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In God’s Path: The Arab Conquests and the Creation of an Islamic Empire by Robert HOYLAND (January 2015)

In God's Path: The Arab Conquests and the Creation of an Islamic Empire (…)

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The author

Robert G. Hoyland is Professor of Late Antique and Early Islamic Middle Eastern History et the Institute for the Study of the Ancient World (NYU)


In just over a hundred years—from the death of Muhammad in 632 to the beginning of the Abbasid Caliphate in 750—the]] followers of the Prophet swept across the whole of the Middle East, North Africa, and Spain. Their armies threatened states as far afield as the Franks in Western Europe and the Tang Empire in China. The conquered territory was larger than the Roman Empire at its greatest expansion, and it was claimed for the Arabs in roughly half the time. How this collection of Arabian tribes was able to engulf so many empires, states, and armies in such a short period of time is a question that has perplexed historians for centuries. Most recent popular accounts have been based almost solely on the early Muslim sources, which were composed centuries later for the purpose of demonstrating that God had chosen the Arabs as his vehicle for spreading Islam throughout the world.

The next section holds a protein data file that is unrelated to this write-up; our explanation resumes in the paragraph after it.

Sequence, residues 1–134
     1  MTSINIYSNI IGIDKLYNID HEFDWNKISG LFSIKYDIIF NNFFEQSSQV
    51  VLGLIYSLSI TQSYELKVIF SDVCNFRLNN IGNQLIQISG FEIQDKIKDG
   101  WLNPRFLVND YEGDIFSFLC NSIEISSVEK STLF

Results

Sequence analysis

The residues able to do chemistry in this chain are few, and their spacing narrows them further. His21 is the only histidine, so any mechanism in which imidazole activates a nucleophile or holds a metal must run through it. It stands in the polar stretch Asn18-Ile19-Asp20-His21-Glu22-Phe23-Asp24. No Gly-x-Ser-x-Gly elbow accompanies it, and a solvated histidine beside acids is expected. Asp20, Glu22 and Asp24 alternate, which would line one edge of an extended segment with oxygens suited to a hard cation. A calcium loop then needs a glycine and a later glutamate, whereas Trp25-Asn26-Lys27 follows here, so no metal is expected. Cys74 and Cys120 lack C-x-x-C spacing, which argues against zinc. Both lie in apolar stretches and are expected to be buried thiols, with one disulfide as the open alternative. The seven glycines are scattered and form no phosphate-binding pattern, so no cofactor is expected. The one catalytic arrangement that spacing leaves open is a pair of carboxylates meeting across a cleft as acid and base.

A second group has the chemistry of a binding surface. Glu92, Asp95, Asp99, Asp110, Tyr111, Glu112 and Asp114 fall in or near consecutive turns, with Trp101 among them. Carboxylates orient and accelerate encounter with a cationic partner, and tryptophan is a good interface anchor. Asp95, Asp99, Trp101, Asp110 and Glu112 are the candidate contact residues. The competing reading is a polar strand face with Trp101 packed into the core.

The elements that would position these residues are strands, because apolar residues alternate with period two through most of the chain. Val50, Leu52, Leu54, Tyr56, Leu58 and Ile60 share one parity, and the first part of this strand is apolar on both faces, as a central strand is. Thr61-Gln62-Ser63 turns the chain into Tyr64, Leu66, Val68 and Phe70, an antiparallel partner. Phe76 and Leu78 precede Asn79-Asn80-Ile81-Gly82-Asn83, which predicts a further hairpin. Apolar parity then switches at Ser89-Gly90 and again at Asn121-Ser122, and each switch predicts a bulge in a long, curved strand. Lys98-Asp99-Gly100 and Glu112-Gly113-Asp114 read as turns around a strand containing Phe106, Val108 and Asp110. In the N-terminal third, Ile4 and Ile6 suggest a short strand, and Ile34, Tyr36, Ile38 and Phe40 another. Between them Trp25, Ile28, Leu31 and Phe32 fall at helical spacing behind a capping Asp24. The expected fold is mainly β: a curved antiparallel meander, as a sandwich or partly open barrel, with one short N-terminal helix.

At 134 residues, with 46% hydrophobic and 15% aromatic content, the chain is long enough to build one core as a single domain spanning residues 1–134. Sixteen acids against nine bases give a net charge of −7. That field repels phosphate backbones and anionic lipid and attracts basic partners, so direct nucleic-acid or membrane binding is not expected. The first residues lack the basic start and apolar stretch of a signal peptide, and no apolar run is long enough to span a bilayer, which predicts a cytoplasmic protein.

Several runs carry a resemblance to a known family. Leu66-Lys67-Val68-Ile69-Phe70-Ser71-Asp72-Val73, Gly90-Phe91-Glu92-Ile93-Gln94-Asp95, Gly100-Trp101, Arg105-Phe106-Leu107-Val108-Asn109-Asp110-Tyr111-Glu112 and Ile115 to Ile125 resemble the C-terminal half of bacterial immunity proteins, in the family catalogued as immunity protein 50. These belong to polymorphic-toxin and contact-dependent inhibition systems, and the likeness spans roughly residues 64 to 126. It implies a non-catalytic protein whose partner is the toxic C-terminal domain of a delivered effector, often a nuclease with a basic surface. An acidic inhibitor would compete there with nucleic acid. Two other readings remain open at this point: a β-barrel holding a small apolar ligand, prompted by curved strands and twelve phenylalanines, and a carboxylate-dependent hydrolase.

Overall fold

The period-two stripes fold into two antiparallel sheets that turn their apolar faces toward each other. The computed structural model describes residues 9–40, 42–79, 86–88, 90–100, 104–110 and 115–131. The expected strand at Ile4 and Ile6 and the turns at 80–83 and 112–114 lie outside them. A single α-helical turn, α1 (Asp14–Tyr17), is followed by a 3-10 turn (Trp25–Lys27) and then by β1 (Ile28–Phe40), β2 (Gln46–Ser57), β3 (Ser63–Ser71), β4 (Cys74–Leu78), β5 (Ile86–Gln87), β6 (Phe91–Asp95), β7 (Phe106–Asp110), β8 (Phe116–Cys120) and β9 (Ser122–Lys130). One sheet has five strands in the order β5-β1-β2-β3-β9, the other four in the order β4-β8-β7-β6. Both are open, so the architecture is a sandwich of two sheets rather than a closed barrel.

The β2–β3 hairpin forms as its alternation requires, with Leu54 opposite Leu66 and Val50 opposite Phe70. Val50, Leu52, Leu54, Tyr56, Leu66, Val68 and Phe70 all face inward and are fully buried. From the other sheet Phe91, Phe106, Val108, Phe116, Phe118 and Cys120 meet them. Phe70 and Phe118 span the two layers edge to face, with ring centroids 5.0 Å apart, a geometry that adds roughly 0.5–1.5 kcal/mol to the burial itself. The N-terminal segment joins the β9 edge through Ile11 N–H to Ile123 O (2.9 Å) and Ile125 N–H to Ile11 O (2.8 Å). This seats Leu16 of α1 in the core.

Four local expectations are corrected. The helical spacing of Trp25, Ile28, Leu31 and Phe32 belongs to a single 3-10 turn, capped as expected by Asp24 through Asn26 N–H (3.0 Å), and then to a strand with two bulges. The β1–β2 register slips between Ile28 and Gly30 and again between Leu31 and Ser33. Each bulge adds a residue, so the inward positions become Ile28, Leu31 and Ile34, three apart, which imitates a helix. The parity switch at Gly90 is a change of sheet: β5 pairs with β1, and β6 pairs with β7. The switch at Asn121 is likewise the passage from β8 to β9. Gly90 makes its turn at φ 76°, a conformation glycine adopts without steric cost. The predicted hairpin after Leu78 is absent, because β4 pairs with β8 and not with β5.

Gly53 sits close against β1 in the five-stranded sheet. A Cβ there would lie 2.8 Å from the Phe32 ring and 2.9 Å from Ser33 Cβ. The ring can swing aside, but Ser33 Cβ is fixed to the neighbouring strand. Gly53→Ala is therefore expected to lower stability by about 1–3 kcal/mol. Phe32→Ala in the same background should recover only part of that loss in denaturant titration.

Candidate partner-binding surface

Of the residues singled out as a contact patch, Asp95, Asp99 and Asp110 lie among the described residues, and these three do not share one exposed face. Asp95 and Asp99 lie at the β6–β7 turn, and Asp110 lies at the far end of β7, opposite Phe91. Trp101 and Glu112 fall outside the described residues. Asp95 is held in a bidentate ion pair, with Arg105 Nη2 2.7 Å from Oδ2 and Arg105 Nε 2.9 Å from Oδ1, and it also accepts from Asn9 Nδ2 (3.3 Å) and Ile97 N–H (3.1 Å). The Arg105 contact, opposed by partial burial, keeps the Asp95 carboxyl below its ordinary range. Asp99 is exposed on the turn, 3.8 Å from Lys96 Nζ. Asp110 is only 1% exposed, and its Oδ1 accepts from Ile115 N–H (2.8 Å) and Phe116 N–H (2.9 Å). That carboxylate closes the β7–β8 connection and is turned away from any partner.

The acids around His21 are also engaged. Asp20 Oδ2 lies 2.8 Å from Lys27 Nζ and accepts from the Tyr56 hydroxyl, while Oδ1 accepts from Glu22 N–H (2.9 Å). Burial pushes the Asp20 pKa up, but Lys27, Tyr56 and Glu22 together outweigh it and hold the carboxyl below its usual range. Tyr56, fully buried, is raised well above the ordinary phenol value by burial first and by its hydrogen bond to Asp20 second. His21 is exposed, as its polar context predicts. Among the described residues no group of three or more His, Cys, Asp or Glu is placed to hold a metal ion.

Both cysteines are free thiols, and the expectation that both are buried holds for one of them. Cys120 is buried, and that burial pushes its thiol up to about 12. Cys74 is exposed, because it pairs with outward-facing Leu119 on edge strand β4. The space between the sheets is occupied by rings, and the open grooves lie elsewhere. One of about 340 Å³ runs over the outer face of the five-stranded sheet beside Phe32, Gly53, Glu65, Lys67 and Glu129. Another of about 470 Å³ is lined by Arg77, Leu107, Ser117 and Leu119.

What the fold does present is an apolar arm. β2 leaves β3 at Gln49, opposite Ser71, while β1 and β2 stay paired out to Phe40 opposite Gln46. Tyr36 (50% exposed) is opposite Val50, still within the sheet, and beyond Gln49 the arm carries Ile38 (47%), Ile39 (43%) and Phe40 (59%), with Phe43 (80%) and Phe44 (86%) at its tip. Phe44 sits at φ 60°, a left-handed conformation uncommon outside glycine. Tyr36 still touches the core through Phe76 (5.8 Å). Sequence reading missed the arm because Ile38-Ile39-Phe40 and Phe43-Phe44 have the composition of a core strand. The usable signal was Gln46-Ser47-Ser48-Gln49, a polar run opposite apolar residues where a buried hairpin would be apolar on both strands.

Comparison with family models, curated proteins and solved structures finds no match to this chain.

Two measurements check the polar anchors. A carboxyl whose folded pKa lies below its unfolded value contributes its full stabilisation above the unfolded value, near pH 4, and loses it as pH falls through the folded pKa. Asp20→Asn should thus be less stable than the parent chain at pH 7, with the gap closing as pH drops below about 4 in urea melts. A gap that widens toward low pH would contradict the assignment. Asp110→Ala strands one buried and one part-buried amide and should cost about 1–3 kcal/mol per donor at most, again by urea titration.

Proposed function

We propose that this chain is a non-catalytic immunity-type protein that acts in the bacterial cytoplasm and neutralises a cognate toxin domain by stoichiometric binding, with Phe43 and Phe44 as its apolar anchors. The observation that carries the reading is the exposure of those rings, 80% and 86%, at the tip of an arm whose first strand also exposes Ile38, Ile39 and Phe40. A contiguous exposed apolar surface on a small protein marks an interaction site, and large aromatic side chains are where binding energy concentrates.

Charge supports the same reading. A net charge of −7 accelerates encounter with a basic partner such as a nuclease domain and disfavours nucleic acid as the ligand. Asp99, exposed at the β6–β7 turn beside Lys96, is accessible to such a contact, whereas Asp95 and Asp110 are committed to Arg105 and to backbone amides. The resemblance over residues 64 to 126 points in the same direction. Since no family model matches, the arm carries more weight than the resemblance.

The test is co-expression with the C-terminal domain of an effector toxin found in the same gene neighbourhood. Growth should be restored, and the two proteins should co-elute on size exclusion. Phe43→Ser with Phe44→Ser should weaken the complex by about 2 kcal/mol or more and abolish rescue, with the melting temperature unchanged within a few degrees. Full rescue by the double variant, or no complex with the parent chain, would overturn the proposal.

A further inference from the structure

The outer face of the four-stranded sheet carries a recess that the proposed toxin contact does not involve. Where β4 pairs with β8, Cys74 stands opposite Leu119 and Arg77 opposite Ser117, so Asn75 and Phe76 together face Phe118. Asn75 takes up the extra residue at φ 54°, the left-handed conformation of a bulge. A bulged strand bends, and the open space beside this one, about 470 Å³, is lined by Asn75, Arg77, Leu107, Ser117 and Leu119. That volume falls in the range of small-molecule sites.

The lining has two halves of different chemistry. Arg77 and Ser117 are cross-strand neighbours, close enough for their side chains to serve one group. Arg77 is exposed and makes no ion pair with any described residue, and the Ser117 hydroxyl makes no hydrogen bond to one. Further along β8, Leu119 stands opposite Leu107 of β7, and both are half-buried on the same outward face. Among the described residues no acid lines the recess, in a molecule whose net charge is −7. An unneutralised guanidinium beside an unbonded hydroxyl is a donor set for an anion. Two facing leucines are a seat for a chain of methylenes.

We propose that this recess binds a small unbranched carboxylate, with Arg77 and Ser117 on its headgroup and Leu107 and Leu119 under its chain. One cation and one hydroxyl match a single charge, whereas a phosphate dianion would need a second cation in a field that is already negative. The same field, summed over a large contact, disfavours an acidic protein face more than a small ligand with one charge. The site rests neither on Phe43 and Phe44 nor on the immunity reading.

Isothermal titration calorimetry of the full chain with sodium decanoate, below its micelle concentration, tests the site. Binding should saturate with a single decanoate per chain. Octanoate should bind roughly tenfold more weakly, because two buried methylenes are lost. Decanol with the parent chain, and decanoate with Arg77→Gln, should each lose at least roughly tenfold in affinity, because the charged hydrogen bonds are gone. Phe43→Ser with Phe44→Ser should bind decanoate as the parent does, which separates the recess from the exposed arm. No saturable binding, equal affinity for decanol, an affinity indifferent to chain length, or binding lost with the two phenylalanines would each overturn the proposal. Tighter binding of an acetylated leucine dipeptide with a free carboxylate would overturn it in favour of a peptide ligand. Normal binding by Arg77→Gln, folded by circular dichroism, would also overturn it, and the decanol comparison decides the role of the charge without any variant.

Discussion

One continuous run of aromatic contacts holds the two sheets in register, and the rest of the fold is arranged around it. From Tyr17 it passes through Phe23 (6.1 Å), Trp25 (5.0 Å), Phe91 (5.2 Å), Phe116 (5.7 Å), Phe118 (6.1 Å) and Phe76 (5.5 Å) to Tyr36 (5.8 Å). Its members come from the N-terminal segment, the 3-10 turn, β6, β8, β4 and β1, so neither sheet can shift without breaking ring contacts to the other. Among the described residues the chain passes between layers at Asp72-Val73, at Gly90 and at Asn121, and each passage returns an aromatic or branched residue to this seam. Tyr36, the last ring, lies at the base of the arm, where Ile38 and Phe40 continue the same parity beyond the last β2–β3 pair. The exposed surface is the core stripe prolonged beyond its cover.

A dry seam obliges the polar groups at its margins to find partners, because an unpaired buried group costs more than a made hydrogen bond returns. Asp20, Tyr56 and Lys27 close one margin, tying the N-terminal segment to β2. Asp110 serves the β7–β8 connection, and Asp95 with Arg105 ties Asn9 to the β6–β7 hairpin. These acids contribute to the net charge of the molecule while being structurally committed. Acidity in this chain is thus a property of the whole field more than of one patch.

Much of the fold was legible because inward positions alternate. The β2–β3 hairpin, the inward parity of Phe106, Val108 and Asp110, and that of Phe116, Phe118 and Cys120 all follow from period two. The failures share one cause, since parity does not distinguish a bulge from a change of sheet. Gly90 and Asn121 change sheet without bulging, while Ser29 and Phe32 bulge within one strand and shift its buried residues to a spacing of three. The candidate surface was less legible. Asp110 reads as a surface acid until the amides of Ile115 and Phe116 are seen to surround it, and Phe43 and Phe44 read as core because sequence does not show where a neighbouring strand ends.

In this ground-breaking new history, distinguished Middle East expert Robert G. Hoyland assimilates not only the rich biographical and geographical information of the early Muslim sources but also the many non-Arabic sources, contemporaneous or near-contemporaneous with the conquests. The story of the conquests traditionally begins with the revelation of Islam to Muhammad. In God’s Path, however, begins with a broad picture of the Late Antique world prior to the Prophet’s arrival, a world dominated by the two superpowers of Byzantium and Sasanian Persia, "the two eyes of the world." In between these empires, in western (Saudi) Arabia, emerged a distinct Arab identity, which helped weld its members into a formidable fighting force. The Arabs are the principal actors in this drama yet, as Hoyland shows, the peoples along the edges of Byzantium and Persia—the Khazars, Bulgars, Avars, and Turks—also played important roles in the remaking of the old world order. The new faith propagated by Muhammad and his successors made it possible for many of the conquered peoples to join the Arabs in creating the first Islamic Empire


Part I: Introduction

1. The Setting

Part II: The Conquests
2. AD 630-40
3. AD 640-52
4. AD 652-90
5. AD 690-740

Part III: The Aftermath
6. The creation of empire
7. The limits of empire
8. Impact and Legacy

Appendix: The Authors

View online : Oxford University Press (OUP)